When my kids were very young, I began teaching them about the importance of respecting animals, as well as techniques for properly handling our cats. Our three kitties are members of our family, and we all need to know how to coexist peacefully and respect each other’s space. I believe teaching our kids this kind of behavior early is critical in their becoming loving, responsible people who animals want to spend time with.
Unfortunately, not all adults realize this, and therefore, their kids improperly handle and scare animals, which can hurt them physically and emotionally. I sometimes feel frustrated by comments I receive on my Kids, Cats, Chaos! posts. Occasionally readers make sweeping generalizations that cats and kids absolutely do not mix. They even make horrible comments about all children being complete monsters with zero manners. This saddens me because there are both kids and adults who are educated in treating animals well, and some who are definitely not. There’s no room for generalization. One of this column’s goals is to reach out to adults and create awareness and practical tips for living peacefully in a home with both kids and cats. It is possible.
But what happens when your own kids are respectful to cats, but other children visiting your home are not? Or if you don’t have human kids of your own, but sometimes host young visitors? This is an issue I’ve faced for many years. Kids are naturally attracted to animals, and I find that my cats are a focal point of visits from my kids’ friends. My children are ages 15 and 17 now, so we don’t run into as much trouble as we used to, but when they were younger, it was definitely troublesome, and even now when we have young visitors, it’s top of mind.
Cats prefer calm interactions and obviously feel frightened when someone screams at them, chases them or grabs their bodies in ways that feel uncomfortable. What can you do to head off this behavior? In my experience, it’s invaluable to have a conversation with all the children at the beginning of each visit. Believe me — it’s worth the time. Ask them if they have pets of their own and gently quiz them to gauge their level of experience with cat-handling. Express how important it is to talk softly, pet gently and do not chase your cats. Show them the proper way to handle kitties and demonstrate play with toys you know your cats enjoy. Instead of chastising them for how not to behave, show them how to behave with your cats.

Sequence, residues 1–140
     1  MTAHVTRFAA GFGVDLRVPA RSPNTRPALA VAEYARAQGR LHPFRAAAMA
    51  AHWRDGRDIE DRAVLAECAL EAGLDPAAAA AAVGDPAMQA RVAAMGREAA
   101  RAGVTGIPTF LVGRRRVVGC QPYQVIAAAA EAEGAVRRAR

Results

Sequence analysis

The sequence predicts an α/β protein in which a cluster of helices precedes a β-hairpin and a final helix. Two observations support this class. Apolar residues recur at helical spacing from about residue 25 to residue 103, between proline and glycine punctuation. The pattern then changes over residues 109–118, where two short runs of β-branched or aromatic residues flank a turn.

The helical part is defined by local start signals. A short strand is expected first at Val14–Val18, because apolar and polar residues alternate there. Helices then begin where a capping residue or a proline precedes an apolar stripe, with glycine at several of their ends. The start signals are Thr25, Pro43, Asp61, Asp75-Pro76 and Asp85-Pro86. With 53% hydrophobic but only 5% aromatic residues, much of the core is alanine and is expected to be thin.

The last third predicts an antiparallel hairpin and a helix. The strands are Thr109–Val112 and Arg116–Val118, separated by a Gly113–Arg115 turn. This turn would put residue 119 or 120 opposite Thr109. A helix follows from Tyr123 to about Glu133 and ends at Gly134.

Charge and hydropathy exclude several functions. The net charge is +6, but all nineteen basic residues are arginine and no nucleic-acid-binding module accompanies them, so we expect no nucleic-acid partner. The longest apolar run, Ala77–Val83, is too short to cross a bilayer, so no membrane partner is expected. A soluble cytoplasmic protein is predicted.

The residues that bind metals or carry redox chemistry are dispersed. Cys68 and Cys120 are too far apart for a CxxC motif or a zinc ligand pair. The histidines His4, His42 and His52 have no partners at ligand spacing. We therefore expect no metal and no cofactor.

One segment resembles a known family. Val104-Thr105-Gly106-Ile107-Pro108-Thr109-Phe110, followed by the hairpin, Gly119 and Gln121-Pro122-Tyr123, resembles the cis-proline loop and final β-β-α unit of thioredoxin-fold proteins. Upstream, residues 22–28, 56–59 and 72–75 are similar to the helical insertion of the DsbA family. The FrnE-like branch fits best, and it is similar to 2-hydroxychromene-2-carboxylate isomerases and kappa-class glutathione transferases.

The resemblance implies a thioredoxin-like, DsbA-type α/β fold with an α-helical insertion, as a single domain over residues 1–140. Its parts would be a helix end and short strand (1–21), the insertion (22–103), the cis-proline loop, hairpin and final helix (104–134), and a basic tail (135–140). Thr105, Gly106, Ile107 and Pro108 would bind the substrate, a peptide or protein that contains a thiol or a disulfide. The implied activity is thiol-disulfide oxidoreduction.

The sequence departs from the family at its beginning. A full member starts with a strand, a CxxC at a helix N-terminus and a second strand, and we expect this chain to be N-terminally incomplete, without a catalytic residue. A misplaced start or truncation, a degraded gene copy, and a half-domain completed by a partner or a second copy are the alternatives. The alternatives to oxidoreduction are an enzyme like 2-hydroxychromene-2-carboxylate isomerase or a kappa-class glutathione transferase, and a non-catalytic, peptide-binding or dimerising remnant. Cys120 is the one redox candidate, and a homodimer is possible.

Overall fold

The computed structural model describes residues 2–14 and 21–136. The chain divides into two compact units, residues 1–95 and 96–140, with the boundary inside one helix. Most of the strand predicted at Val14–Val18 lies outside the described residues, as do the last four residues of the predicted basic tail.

As with anything, education is key. It’s easy to complain about wrongdoing and make generalizations about people and situations. Nothing ever changes unless people become educated. This is true for simple animal handling and play techniques, all the way up to doing our part to control pet overpopulation by taking responsibility for spaying and neutering our pets.
Instead of complaining or allowing bad behavior to happen, and assuming all children are monsters, how about doing our part in teaching them? Even if their parents or guardians aren’t doing a proper job of it, we can take the reins and make an impact. Who knows, maybe the child will go home and become the teacher for the adults in their lives.
So when wee visitors come calling, invest the time up front and create teaching moments. You won’t only be making that particular visit more enjoyable for your cat, you’ll be making an impression upon a child who, thanks to you, will have a much better chance at growing up to be a respectful, responsible friend to animals.
How do you handle young visitors who want to spend time with your cat? Tell us about it in the comments!
About the Author: Angie Bailey is an eternal optimist with an adoration of all things silly. Loves pre-adolescent boy humor, puns, making up parody songs, thinking about cats doing people things and The Smiths. Writes Catladyland, a cat humor blog, Texts from Mittens (birthed right here on Catster) and authored whiskerslist: the kitty classifieds, a silly book about cats wheeling and dealing online. Partner in a production company and writes and acts in a comedy web series that features sketches and mockumentaries. Mother to two humans and three cats, all of which want her to make them food.
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